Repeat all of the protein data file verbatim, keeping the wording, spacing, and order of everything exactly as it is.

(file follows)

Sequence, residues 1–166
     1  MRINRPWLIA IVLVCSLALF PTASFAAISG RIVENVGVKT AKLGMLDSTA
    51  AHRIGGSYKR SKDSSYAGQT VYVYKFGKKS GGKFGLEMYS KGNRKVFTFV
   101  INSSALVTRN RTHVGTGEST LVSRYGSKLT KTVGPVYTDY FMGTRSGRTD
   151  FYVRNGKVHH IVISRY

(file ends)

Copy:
Sequence, residues 1–166
     1  MRINRPWLIA IVLVCSLALF PTASFAAISG RIVENVGVKT AKLGMLDSTA
    51  AHRIGGSYKR SKDSSYAGQT VYVYKFGKKS GGKFGLEMYS KGNRKVFTFV
   101  INSSALVTRN RTHVGTGEST LVSRYGSKLT KTVGPVYTDY FMGTRSGRTD
   151  FYVRNGKVHH IVISRY